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Positional changes in lumbar disc herniation during standing or lumbar extension: a cross-sectional weight-bearing MRI study



To investigate biomechanical changes in lumbar disc herniations.


Patients with lumbar disc herniation verified on a 1.5–3-T magnetic resonance imaging (MRI) scanner were imaged in a weight-bearing 0.25-T MRI scanner in (1) standing position, (2) conventional supine position with relative lumbar flexion, and (3) supine position with a forced lumbar extension by adding a lumbar pillow. The L2-S1 lordosis angle, the disc cross-sectional area, the disc cross-sectional diameter, and the spinal canal cross-sectional diameter were measured for each position. Disc degeneration and nerve root compression were graded, and the pain intensity was reported during each scan position.


Forty-three herniated discs in 37 patients (36.7 ± 11.9 years) were analyzed in each position. The L2-S1 lumbar angle increased in the standing position (mean difference [MD]: 5.61°, 95% confidence interval [95% CI]: 3.44 to 7.78) and with the lumbar pillow in the supine position (MD: 14.63°, 95% CI: 11.71 to 17.57), both compared with the conventional supine position. The herniated disc cross-sectional area and diameter increased during standing compared with during conventional supine position. No changes were found in the spinal canal cross-sectional diameter between positions. Higher nerve root compression grades for paracentral herniations were found during standing compared with during conventional supine position. This was neither found with a lumbar pillow nor for central herniations in any position compared with conventional supine.


Disc herniations displayed dynamic behavior with morphological changes in the standing position, leading to higher nerve root compression grades for paracentral herniated discs.

Key Points

• Lumbar herniated discs increased in size in the axial plane during standing.

• Increased nerve root compression grades for paracentral herniated discs were found during standing.

• Weight-bearing MRI may increase the diagnostic sensitivity of nerve root compression in lumbar disc herniations.

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Confidence interval




Intra-class correlation coefficient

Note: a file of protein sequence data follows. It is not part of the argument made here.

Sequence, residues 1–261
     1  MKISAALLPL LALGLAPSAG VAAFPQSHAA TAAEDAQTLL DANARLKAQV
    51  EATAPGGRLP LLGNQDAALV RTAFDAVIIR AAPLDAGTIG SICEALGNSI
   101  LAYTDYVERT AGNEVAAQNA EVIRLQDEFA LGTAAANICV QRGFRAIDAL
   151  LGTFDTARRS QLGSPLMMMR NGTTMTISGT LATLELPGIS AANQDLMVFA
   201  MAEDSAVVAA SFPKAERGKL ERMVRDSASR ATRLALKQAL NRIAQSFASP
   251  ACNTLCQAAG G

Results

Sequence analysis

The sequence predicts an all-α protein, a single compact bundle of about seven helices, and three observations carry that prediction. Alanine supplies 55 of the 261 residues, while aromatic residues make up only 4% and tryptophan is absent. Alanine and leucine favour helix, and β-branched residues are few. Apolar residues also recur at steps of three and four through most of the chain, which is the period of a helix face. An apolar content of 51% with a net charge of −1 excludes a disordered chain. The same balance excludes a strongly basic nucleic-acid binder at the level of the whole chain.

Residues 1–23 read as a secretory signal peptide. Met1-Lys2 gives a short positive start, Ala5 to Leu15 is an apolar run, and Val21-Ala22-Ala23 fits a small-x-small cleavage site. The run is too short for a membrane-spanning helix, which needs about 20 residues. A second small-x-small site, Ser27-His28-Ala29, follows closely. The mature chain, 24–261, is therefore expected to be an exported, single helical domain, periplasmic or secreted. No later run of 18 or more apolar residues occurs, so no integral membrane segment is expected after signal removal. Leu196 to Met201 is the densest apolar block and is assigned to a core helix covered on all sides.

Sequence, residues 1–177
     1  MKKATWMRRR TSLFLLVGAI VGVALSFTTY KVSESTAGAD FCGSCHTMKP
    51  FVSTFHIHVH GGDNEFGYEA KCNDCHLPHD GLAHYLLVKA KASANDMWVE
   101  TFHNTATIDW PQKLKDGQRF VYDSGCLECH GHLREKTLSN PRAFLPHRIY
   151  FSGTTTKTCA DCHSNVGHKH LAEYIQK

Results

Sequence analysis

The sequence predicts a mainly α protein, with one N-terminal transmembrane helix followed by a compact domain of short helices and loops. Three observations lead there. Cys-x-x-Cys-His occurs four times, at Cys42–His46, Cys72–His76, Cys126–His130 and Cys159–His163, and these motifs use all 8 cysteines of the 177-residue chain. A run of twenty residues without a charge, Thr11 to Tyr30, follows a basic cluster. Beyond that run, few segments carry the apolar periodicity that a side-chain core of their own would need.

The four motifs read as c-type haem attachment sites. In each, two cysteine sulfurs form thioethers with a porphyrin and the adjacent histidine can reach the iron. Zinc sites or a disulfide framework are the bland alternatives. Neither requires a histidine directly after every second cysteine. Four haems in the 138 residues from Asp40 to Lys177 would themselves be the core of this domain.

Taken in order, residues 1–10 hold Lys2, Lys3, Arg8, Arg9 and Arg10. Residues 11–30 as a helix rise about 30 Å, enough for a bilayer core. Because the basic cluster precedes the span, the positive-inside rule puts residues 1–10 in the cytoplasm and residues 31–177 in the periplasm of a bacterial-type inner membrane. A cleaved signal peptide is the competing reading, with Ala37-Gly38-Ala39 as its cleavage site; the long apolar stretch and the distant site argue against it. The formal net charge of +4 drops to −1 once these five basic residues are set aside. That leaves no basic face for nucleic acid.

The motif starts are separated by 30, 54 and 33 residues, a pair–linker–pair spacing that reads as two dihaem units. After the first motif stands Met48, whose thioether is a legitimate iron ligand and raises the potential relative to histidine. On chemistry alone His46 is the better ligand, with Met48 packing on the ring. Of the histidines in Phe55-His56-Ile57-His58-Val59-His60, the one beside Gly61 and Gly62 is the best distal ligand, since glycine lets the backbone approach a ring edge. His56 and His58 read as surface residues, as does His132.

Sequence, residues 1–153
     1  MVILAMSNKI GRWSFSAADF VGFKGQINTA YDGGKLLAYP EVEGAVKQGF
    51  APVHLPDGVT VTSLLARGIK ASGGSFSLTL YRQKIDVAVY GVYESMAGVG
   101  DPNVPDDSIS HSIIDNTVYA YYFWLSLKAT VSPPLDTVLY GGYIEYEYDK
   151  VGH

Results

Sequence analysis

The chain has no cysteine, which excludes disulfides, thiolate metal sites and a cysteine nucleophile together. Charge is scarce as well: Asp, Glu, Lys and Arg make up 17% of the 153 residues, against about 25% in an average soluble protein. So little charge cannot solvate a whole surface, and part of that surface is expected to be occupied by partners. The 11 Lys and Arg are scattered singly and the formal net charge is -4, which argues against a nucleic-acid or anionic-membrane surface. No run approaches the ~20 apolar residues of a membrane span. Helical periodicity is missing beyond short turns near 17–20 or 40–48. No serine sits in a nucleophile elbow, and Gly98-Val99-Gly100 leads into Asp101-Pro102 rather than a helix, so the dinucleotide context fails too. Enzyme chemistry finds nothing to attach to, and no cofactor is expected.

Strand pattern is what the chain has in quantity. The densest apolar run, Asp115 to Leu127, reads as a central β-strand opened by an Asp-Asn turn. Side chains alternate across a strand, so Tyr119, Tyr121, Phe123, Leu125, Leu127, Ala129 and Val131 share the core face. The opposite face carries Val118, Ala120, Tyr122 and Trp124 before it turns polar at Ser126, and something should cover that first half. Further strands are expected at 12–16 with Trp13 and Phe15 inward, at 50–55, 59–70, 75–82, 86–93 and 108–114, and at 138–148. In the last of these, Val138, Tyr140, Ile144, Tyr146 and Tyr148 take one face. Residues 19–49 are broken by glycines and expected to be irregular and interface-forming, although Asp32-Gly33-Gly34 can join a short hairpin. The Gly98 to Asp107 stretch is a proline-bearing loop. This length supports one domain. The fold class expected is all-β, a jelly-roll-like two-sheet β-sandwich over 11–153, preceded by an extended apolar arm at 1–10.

Low back pain


Magnetic resonance imaging


Numerical rating scale


Oswestry Disability Index


Pain-Detect Questionnaire


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The authors thank the staff at the Department of Radiology, Bispebjerg and Frederiksberg Hospital for their support running the study. The authors thank radiologists Jacob Grindsted, MD, and Zoreh Rasti, MD, Department of Radiology, Frederiksberg Hospital, Denmark, for inspiration, evaluation of the MR images, and discussions. The authors would also like to thank Sabrina Mai Nielsen for statistical support and methodological feedback.


This study was supported by unrestricted grants from The Oak Foundation (grant number: OCAY-13-309), the Danish Rheumatism Association, and Frederiksberg and Bispebjerg Hospital.

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Corresponding author

Correspondence to Cecilie Lerche Nordberg.

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The scientific guarantor of this publication is Bjarke Brandt Hansen, MD, PhD.

Conflict of interest

Mikael Boesen has been an invited speaker regarding the use of G-scanner for imaging of the lumbar spine for ESAOTE, Genoa, Italy, the manufacturer of the G-scanner, at ESSR 2012, 2014 and 2017, Modena Meeting Nov. 2013, Imola Meeting June 2017, and ECR 2014 as well as the 1st, 2nd, and 3rd International Weight-bearing Meeting (2016, 2018, and 2019). Philip Hansen has received a travel grant from ESAOTE for the 1st International Weight-bearing Meeting 2016. The other authors have no conflict of interests to declare.

Statistics and biometry

No complex statistical methods were necessary for this paper.

Informed consent

Written informed consent was obtained from all patients in this study.

Ethical approval

Local Ethics Committee approval: KF 01–045/03.


• prospective

• cross-sectional study

• single-center study

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Nordberg, C.L., Boesen, M., Fournier, G.L. et al. Positional changes in lumbar disc herniation during standing or lumbar extension: a cross-sectional weight-bearing MRI study. Eur Radiol 31, 804–812 (2021).

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  • Magnetic resonance imaging
  • Low back pain
  • Spine
  • Intervertebral disc displacement
  • Weight-bearing